The property sector is not short of certification programmes – the likes of Well, or Fitwel – but LifeProven hopes that its stamp of approval will become the industry standard. Developers VervLife, Urban Splash, Dandi Living and Blackrock are the first to get on board. What’s more, Relfe argues, is the growing awakening to the whole idea that has come post-Covid. London has seen its office stock hollowed out. Being able to demonstrate that a building is better for its occupants will likely prove crucial not just to landlords seeking tenants, but also in persuading the latter to choose one building over another. And, of course, in the longer run it will allow those with a demonstrably good wellbeing standard to charge a premium. Likewise, prospective buyers of buildings increasingly see its wellbeing standards as underpinning its long-term value.

“Many companies have faced the challenge of bringing people back into offices, and in part that’s been about showing staff the value in doing so, which is, in part, increasingly about how they can fundamentally be better spaces to be in,” suggests Jack Hosea, director of architectural firm, Threefold. “What’s interesting is that it’s a merging of what have long been the very separate worlds of commercial and residential property – in a sense it’s about making workspaces homelier. Of course, most companies want a happy, healthy workforce because that’s more productive. But it’s not all about short-term profit. It’s also a recognition that wellbeing as part of ESG in the property sector is going to be huge.”

wellbeing office

It’s already happening, according to Relfe. “What we saw [during the pandemic] was that those offices that supported the people who worked in them were pushed to the top of the market,” he says. “And, at the macro level, we’re now seeing that the big investment funds we work with are interested in occupant wellbeing because they see performance gains [on their property portfolios] following from it. The old idea of ‘refurbish a building, let it, leave it for 15 years and refurbish again’ is being replaced by one of ‘refurbish, let and monitor yearly to ensure its standards meet with new expectations’.”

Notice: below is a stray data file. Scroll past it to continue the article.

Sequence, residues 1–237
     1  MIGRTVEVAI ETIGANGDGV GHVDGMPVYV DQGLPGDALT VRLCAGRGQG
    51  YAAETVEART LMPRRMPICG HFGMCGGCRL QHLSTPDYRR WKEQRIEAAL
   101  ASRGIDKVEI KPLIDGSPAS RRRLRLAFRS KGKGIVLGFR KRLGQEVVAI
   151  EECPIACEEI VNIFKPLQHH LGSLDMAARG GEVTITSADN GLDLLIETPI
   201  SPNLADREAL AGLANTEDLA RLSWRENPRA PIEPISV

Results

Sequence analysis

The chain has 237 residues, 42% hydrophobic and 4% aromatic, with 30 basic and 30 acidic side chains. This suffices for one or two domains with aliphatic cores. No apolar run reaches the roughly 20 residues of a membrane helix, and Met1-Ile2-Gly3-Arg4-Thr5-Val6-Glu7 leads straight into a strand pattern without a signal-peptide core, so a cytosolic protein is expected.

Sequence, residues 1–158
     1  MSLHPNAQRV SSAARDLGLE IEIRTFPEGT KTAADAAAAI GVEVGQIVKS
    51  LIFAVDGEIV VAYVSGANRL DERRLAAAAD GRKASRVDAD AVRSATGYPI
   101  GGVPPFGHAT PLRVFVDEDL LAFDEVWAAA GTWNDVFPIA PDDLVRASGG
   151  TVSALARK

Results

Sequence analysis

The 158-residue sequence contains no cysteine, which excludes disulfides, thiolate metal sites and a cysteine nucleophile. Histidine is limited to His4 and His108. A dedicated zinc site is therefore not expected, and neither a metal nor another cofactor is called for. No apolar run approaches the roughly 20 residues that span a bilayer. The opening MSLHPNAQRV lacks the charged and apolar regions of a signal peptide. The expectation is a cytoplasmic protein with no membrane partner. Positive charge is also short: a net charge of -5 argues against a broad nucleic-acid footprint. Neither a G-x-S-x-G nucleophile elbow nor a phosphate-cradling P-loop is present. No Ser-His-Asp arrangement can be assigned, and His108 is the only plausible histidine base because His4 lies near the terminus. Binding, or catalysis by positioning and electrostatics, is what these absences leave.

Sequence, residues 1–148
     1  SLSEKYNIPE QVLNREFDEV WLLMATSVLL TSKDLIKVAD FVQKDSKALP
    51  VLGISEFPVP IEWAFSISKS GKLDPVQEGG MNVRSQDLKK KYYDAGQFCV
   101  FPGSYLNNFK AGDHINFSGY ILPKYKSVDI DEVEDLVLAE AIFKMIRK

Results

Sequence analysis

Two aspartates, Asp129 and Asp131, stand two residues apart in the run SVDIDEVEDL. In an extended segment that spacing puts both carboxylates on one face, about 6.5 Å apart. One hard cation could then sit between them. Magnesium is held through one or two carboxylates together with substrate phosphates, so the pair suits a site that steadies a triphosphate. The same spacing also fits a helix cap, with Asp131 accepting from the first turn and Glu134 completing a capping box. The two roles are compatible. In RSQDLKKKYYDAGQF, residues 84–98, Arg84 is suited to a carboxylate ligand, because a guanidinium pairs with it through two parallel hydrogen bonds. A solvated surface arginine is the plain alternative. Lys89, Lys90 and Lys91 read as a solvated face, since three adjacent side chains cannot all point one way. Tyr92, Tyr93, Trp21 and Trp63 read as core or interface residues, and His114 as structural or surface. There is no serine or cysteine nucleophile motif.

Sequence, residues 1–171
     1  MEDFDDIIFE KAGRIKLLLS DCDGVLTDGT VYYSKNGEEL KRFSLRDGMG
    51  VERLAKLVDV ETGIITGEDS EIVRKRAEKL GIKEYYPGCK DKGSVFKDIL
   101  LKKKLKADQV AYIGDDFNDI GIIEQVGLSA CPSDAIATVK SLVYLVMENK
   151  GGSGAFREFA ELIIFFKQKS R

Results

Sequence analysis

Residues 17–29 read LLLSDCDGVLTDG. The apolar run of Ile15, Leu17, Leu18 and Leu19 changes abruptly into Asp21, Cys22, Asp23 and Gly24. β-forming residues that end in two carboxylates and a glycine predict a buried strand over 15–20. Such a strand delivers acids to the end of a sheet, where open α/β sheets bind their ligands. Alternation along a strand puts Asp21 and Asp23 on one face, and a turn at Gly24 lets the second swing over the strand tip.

Relfe is pragmatic about the limitations on developers regarding what they can do to make their buildings more or less wellbeing-friendly, given ever more tightly-squeezed budgets. But the data insight allows developers to understand the wellbeing value of their specific plans – that, for example, a gym may be half the price of a roof terrace, and seem like a good idea, but actually the terrace will offer greater return over time, both in terms of wellbeing and rental income. “You can’t just make every window in a building massive,” says Relfe. “But having the data allows a developer to make extremely targeted decisions.”

wellbeing office

Richard Angel, co-founder of interior designer frim Angel-O’Donnell, which is working on some of London’s highest-spec residential properties, including Park Hyatt Nine Elms and Centrepoint, argues that while the idea of spaces designed with wellbeing in mind has, to date, been overlooked because “all this can seem intangible”, it’s not just being driven by the changes brought by Covid-19. It’s also a product of changing demographics. “The [luxury property] consumer especially has shifted. They are younger, non-traditional and more conscious of both their prospective home’s environmental and wellbeing impact,” he argues. “And, of course, that generational shift applies to designers who are thinking about these spaces, too.”

Indeed, offices and residential buildings may come to be regarded as more or less desirable not based on their fixtures and fittings, their square footage or the fact there’s free juice in the breakout areas, but by how successfully they address other wellbeing enhancements – those that may be less glamorous but which nonetheless bring serious benefits. We’re waking up to these, says Relfe, who believes that ESG and wellbeing considerations will become a mainstream consideration, for commercial and residential tenants, for house-buyers, and for mortgage providers, within a decade.

“By then it will be a way of thinking about the spaces in which we live and work. We’ll all be much more attuned. We’ve been ahead of the curve but we’re expecting more competition in what we do, because there’s most definitely a shift in mindset coming.”
See you at the water cooler.